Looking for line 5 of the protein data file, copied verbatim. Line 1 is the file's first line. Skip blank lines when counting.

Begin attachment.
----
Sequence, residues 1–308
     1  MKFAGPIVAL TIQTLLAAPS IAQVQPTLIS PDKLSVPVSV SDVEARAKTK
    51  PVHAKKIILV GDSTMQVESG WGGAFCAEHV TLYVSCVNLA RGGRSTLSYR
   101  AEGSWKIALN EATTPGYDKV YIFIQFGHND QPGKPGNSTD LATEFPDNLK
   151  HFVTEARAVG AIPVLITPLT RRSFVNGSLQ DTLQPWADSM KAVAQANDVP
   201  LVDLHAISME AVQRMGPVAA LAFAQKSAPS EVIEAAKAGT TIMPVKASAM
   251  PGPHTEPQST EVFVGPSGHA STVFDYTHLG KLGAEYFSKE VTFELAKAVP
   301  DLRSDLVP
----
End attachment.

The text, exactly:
   151  HFVTEARAVG AIPVLITPLT RRSFVNGSLQ DTLQPWADSM KAVAQANDVP